“So how badly do you want it then? Enough to fight me for it?” Rupert was beside himself with rage. That penknife had been a present from his grandfather and he loved it. There was no way he was letting Rose get away with stealing that. She had taken other things from him, comic books she didn’t even like, money, and even a stuffed animal, but this was it. He was putting up with no more abuse, stealing or physical attacks from Rose. Never again.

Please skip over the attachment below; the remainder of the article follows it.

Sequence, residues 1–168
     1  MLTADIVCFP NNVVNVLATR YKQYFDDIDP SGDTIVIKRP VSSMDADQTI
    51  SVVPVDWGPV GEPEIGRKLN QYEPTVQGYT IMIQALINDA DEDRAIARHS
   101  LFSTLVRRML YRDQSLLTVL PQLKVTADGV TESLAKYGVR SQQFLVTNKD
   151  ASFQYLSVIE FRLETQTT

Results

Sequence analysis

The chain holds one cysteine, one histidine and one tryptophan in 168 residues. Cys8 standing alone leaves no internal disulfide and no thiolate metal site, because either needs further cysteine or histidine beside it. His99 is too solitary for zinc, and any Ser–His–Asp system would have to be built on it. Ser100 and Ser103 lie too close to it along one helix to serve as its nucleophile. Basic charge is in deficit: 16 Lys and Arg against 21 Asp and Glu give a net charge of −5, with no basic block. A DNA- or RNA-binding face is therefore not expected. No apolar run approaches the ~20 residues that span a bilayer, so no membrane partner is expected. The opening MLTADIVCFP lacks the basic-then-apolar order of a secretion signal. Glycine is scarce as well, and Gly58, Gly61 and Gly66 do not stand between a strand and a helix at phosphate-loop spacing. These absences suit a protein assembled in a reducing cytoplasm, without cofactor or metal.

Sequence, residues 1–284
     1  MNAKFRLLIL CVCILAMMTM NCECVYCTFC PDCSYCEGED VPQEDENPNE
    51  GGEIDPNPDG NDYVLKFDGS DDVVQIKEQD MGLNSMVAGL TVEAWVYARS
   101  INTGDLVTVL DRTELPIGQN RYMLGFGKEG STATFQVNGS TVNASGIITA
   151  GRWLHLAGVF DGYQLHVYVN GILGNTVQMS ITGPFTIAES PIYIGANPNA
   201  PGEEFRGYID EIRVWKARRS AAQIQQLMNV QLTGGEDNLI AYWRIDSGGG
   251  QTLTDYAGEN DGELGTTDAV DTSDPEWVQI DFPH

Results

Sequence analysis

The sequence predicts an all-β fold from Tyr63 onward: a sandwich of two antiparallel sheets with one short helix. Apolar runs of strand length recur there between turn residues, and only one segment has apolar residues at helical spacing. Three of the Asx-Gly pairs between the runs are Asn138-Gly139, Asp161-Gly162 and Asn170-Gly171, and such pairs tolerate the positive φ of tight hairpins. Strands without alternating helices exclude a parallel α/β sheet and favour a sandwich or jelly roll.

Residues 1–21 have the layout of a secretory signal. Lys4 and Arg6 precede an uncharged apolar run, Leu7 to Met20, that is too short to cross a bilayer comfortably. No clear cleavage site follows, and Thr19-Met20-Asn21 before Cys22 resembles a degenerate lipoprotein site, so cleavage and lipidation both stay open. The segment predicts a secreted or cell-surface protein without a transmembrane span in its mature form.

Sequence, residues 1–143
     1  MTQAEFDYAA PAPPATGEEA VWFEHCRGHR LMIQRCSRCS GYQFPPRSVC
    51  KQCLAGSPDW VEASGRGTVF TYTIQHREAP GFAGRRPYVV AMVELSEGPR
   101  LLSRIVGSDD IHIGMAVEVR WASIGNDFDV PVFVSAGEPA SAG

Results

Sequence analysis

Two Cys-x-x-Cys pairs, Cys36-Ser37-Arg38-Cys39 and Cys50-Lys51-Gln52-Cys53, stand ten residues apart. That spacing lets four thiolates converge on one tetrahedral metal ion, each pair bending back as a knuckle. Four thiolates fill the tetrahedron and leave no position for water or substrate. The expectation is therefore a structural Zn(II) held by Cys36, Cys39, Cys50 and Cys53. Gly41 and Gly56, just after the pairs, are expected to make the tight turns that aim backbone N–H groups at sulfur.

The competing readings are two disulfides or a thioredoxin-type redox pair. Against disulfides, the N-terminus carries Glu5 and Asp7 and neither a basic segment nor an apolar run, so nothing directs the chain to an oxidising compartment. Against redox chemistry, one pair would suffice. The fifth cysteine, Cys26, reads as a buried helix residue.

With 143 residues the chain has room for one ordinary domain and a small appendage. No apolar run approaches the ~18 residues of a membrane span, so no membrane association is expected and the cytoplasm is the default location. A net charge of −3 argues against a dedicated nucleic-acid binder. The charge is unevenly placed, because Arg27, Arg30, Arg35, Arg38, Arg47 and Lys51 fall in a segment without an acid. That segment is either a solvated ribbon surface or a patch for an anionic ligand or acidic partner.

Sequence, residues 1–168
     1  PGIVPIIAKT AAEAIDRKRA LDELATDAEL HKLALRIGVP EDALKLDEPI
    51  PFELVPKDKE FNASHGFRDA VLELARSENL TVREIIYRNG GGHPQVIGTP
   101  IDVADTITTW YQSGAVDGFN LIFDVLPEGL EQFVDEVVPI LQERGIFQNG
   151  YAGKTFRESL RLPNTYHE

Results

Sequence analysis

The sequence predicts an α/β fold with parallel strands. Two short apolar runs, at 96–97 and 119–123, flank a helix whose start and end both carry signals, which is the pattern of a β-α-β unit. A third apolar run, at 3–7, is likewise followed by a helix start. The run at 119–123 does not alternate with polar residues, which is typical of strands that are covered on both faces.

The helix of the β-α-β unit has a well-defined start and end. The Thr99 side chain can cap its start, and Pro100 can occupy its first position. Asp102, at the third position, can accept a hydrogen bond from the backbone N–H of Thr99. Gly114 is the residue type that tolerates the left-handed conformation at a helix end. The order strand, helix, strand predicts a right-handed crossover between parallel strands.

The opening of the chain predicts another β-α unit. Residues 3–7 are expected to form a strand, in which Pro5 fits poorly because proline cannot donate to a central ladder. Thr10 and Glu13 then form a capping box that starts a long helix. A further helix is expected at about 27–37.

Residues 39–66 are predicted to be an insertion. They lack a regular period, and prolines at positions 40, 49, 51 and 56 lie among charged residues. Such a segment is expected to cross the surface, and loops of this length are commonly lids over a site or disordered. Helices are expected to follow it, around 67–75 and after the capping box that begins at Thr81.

“Fine, let’s do it then. I fight you and win. I get back everything you ever stole from me. Everything you got it? And there will be no more stealing or anything else.” Rose nodded in agreement.